DOMA: The First Circuit is First
The federal Court of Appeals in Boston ruled today that one of the two provisions of the Defense of Marriage Act unconstitutionally discriminates against same-sex married couples. The decision was unanimous. The opinion was written by Michael Boudin, who was a Reagan Justice Department official before his appointment to the bench by George H. W. Bush. Judge Boudin was joined by Sandra Lynch, a Clinton appointee, and Juan Torruella, who was appointed to the District Court by President Ford and to the Court of Appeals by President Reagan.
The challenge was to section 3 of DOMA, which states that federal law will recognize as a “marriage” only a union between one man and one woman as husband and wife. Section 2 of DOMA, which was not under consideration, provides that a state is not required to recognize a same-sex marriage legally performed in another state.
The Court of Appeals concluded that section 3 violates federal constitutional principles of “equal protection.” “Equal protection “ does not mean that the law must treat all people equally. The law treats different people differently all the time – one person is arrested while another person is not; one person pays more tax on her income than another person pays; one person can drink, or vote, or drive a car, but a younger person can’t. “Equal protection” means that the law can treat people unequally only if there is a reason for it.
In constitutional litigation, the fight is often about how good a reason the law has to have in order to treat people unequally. The courts have developed a range of answers to this question. At one end, a law that treats people differently based on their race is subject to the most rigorous judicial scrutiny. Race is considered a “suspect classification,” and a law that invokes a “suspect classification” must have a justification that is very strong, or “compelling.” This is called “strict scrutiny.” At the other end of the spectrum, a law that treats people differently based on their economic activity is subject to the most lenient judicial scrutiny. So a state that requires plumbers to have government-issued licenses to do plumbing work is legit, even though that state might not require carpenters or bricklayers, for example, to be licensed. This is called “mere rationality,” or the “rational basis” test.
These two extremes have been criticized as “outcome determinative.” Since virtually any law can pass the rational basis test, and practically no law can pass the strict scrutiny test, deciding which level of scrutiny applies pretty much decides the case. Same-sex marriage illustrates the point. If DOMA is subject to “mere rationality” scrutiny, it might well survive; but if DOMA undergoes “strict scrutiny,” the DOMA goose is cooked. The Obama Administration only decided that it would no longer defend DOMA after it determined that the appropriate level of judicial review was not “mere rationality,” but “strict scrutiny” – which would make the law indefensible.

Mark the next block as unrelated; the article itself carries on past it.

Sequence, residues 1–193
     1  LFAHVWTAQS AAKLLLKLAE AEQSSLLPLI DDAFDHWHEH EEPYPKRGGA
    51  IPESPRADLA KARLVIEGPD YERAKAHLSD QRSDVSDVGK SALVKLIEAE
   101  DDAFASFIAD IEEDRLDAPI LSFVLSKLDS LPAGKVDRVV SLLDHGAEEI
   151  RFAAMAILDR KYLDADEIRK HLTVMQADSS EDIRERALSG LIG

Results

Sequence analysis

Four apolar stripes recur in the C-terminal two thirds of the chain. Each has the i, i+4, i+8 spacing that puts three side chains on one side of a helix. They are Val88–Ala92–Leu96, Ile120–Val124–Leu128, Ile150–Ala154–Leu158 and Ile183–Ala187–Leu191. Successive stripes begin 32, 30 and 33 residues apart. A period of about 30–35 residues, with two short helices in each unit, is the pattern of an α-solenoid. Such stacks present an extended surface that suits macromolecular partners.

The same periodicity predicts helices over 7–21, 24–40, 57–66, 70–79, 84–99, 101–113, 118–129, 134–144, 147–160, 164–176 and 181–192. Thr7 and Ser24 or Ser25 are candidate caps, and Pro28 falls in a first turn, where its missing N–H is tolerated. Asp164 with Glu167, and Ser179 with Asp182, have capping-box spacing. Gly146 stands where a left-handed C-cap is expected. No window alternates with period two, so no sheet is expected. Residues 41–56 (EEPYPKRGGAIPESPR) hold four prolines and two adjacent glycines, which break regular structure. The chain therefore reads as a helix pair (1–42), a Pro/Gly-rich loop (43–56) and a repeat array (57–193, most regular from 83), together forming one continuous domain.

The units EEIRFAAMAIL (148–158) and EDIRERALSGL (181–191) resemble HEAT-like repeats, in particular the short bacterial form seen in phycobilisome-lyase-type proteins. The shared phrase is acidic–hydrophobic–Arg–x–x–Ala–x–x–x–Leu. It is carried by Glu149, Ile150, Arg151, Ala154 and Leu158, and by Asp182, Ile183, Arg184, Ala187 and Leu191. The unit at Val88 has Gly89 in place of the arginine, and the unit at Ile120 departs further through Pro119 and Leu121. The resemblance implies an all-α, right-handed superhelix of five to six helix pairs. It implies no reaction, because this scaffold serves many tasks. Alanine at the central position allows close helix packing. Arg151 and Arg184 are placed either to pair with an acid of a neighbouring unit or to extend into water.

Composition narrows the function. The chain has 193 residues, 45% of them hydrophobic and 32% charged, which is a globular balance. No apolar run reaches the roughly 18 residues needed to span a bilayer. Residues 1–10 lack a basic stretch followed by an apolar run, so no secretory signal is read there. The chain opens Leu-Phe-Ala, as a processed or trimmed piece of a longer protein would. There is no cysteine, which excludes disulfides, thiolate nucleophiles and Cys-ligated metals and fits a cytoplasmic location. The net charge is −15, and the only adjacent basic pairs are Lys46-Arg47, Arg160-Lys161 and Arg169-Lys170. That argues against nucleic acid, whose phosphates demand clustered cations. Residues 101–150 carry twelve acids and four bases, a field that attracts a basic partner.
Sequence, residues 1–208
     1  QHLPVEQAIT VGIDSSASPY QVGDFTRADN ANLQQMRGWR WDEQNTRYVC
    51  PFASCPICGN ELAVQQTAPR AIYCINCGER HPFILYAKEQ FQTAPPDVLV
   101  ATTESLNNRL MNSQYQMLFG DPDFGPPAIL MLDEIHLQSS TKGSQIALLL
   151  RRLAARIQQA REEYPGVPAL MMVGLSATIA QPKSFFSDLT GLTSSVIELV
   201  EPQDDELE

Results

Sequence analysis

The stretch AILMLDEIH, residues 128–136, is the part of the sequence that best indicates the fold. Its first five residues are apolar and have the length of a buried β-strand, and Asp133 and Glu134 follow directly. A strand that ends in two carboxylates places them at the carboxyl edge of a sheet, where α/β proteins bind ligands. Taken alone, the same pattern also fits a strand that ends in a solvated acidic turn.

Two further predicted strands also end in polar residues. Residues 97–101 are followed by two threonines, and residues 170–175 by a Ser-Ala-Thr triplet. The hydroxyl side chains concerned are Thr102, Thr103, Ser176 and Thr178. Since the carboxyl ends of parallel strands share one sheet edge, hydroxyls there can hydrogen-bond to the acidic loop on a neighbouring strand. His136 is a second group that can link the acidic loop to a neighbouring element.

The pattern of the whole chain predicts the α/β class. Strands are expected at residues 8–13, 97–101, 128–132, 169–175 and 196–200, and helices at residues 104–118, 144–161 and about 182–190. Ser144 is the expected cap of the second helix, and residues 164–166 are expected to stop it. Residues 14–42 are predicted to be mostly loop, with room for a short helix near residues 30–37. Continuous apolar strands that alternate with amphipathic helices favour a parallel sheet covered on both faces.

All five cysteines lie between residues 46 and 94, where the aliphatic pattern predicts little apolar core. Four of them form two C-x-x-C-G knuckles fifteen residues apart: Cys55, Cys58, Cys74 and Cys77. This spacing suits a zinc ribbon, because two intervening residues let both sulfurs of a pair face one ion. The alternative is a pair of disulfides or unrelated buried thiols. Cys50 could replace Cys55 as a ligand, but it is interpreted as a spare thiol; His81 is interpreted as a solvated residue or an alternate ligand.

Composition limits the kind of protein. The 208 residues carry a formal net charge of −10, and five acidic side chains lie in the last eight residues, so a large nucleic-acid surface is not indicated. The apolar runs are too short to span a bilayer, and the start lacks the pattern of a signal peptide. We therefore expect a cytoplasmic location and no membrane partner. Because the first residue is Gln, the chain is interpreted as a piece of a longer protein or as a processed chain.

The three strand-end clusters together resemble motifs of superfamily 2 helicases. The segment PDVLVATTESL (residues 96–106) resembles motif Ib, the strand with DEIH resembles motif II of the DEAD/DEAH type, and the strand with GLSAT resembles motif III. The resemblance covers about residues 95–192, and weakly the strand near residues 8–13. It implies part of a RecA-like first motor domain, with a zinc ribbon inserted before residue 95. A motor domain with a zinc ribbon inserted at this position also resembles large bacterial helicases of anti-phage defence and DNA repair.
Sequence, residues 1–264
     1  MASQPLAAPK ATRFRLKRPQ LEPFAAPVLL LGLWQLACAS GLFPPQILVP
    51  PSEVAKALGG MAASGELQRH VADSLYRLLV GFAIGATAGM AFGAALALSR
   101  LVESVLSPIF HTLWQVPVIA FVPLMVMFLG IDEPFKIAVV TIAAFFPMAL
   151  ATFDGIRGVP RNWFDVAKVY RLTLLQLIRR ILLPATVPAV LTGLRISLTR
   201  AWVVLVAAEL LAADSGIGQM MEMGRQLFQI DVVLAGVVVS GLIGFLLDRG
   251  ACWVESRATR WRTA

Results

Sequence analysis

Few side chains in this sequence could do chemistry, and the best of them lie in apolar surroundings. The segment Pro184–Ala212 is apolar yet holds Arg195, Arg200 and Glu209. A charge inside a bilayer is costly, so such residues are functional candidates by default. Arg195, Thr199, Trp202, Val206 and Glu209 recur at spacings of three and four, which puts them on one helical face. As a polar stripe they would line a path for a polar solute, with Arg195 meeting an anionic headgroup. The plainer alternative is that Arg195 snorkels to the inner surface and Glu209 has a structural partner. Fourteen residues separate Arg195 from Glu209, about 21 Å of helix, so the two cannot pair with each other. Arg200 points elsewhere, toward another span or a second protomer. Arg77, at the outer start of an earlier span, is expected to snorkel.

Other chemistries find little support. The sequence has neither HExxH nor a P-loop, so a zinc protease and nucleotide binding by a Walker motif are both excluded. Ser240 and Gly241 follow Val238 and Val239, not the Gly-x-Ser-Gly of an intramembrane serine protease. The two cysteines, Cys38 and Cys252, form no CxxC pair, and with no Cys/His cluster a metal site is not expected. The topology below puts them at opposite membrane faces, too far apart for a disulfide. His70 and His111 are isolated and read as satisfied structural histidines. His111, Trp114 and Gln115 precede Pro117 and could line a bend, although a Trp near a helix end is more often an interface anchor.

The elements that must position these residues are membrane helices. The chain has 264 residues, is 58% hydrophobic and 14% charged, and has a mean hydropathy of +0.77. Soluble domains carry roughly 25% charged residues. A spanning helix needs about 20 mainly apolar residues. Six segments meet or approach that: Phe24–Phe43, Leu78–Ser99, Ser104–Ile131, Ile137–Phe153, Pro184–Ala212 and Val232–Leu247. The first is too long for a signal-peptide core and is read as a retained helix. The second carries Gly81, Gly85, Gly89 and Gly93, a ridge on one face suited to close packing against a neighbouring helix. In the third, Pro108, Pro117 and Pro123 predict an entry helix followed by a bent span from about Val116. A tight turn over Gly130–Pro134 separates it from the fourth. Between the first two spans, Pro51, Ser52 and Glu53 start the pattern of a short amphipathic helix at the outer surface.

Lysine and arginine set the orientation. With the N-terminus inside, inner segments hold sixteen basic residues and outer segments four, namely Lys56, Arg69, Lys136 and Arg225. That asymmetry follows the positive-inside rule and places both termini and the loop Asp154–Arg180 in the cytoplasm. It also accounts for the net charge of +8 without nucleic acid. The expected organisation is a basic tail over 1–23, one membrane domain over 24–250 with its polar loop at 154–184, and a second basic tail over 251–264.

And the argument for strict scrutiny in same-sex marriage cases is not a bad one at all. Race was determined to be a suspect classification because race is an immutable personal characteristic, because racial minorities in this country have suffered a history of discrimination and worse, and because racial minorities lack the numbers (being minorities, at least for the time being) to redress that history through the regular political process. A reasonably good argument can be made that sexual orientation meets the criteria for a suspect classification.
But the courts have been extremely reluctant for decades to add to the list of suspect classifications. The result has been the development of a sort of middle-level scrutiny – not as forgiving as “mere rationality” but not as demanding as “strict scrutiny.” That is what the Court of Appeals judges decided in today’s DOMA case. They concluded that a middle level of scrutiny was justified because DOMA has important implications for American federalism, meaning the relationship and balance of power between the states and the federal government: “Given that DOMA intrudes broadly into an area of traditional state regulation, a closer examination of the justifications that would prevent DOMA from violating equal protection (and thus from exceeding federal authority) is uniquely reinforced by federalism concerns.”
For 200 years before DOMA, marriage was regulated by the states, which were able to regulate marriage pretty much as they saw fit. Once a state determined who could be married, the federal government treated them as married for purposes of applying federal law and regulations. But by passing DOMA, the federal government decided that certain states’ choices about marriage would be given less respect than other states’ choices, which the court said is a burden on federalism, warranting a closer look at DOMA than “mere rationality.”
Having decided on the level of scrutiny to be applied, the court made quick work of DOMA. Saving the federal government money (in this case, money for spousal benefits to same-sex couples) is generally a rational basis for federal legislation, but “where the distinction [in the law] is drawn against a historically disadvantaged group and has no other basis,” saving money is not sufficient. Supporting child-rearing by opposite-sex parents is irrelevant to DOMA, the court said, because DOMA provides no assistance to opposite-sex parents with kids. And the court rejected the rationale of “moral disapproval” of homosexuality.
The First Circuit Court of Appeals thus became the first federal Court of Appeals to rule on the constitutionality of DOMA. DOMA opponents have taken the lead, 1 – 0.